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ICON: Kardinal Offishall is Dangerous and Not for Sale

ICON: Kardinal Offishall is Dangerous and Not for Sale

2012 Saw a T-Dot Pioneer break his silence on making it in Canada

By MTV Iggy
December 27, 2012

Words and interview by Rebecca McDonald.

As one of the premier producer/rap artists to grace the Canadian music scene and beyond, you can crown this king the Jay-Z of Canada. Kardinal Offishall first launched his career back in 1997, during a time when the industry was “bubbling,” long before companies like Napster or iTunes came or went, sending single song purchases or illegal downloads through the roof. Still the Jamaican rooted emcee survived and continues to build his empire. In 2012, he returned with a mixtape, Allow Me to Re-Introduce Myself. But after doing it all and accomplishing all the accolodades that you set out for, where do you go next? We asked Kardinal this very question during his visit to MTV Iggy.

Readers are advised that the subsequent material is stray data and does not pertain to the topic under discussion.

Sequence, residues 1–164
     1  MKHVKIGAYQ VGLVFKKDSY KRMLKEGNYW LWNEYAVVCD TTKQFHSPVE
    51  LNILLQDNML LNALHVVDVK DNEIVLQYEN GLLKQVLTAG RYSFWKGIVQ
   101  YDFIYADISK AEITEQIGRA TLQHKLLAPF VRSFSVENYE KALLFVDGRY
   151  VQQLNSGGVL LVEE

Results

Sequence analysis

So your last release was 2008, and in 2012 you dropped a mixtape. Why did you “reintroduce yourself” this past summer after all that time off?